<p>You can add one of these to make it more usefull because connecting a multimeter every time you change the voltage is not very pleasant and for a couple of bucks it also looks cooler. </p>
You say you use a 65w power supply, but the buck prevent from using power. What is the maximum power you can use with your buck regulator?
A 65W supply used with a 85% efficient converter should be able to supply about 55W, while this lm2596 can theoretically provide 90W. However that lm2596 board doesn't look like it can handle anywhere near 90W. The exact limit will depend on your maximum voltage, heat sinking, etc. Proper testing is key!
<p>Usually the laptop supply gives around 19V. LM2596 being a buck takes a minimum of 1V and can provide 3A so you could pull out of that regulator around 54W best case scenario. Also over 1.5A it heats up pretty bad. Any heatsink does the job. I use a piece of 4mm thick piece of aluminium left over a little bigger than the board stuck on with thermal adhesive. Just be careful not to short anything underneath the board.</p>
<p>Thank you for your answer. That was what I taught by seeing this instructable: this regulator, as it is, cannot draw 65W (which is huge), the numbers given in the Instructable are only theoretical and do not work in the real world. That is important not to mislead readers, readers might look at this numbers not knowing they are not actual working characteristics and can be mislead if they make their own circuit. So if I understand correctly, you used it with a 4mm heatsink at 19V 1.5A, so 38W max? I personally do not use such converter above 10W as a good practice, and rather use them for signal lines, not power lines.</p>
<p>You can draw 1.5A without heatsink. I used a basic heatsink for aplications that require more than 1.5A. Did not test at exactly 3A but I'm sure I drew more than 3A at times only for short periods. This is a switching supply and the power wasted through heat is much lower than that of the linear regulators. The laptop supply gives 19V but the converter takes 1V so you can pull 18V maximum from it and 3A (only if the laptop supply can provide 3A), that's why I said 54W. This converter is good for aplications that need small currents and relatively high voltages (rarely used it over 15V). Great for tinkering: 90% of my home made experiments and circuitry need under 1A.</p>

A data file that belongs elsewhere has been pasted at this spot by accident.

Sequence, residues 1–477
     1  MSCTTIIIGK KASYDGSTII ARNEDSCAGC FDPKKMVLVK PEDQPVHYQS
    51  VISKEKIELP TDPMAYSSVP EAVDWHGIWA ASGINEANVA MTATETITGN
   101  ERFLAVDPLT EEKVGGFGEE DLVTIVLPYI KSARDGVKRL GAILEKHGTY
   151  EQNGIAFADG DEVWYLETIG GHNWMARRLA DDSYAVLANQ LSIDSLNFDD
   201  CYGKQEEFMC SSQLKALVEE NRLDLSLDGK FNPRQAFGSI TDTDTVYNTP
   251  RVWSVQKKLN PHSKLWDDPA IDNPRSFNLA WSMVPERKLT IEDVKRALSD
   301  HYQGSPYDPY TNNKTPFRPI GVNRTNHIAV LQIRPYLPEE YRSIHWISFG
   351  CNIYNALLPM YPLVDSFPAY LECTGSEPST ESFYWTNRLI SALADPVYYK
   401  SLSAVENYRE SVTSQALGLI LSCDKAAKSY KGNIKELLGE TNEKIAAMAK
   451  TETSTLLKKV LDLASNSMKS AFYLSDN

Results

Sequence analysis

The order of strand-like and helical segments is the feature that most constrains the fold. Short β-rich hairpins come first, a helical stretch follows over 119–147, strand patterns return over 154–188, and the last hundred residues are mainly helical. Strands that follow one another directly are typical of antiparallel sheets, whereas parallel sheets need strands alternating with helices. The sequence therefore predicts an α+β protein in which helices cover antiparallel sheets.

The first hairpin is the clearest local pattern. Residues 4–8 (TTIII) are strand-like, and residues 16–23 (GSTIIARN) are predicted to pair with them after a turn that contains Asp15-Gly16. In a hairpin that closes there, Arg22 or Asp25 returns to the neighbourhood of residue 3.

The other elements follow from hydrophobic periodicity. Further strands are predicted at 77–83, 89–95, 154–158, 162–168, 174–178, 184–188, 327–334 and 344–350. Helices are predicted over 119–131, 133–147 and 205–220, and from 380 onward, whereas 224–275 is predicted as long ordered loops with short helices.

<p>This is too simple and cheap to not build</p>
<p>instead of cutting off the end of the laptop supply lead you could solder a socket/lead onto the buck converter and plug it into the laptop supply. That way the laptop supply is still usable for other things like, say, a laptop :)</p>
<p>I used it and i had good result from it and long range .its good element and useful . </p>
<p>I just love these little converters. Cheap and small enough to incorporate them on my PC boards. And because it is switch-mode, there is almost no heat as with standard 7805 regulaters.</p>
<p>standard regulates. produce heat just becose it regulate voltage and current.max output of a LM7805 is 5W (5v x 1Amp).if you give 12v 1Amp as input.that is equal to 12W .but a standard LM7805 max output is 5W.so around 7 watts is waste and it converted to heat.</p><p>but in buck converter power (W) is always same(if efficiency is 100%).if your input is 12V 1A and you will need 24v as output ,so the output is 24V 500mA.thare is no power loss.no power loss means no heating</p><p>most of the buck converter have 80 to 95% efficiency</p>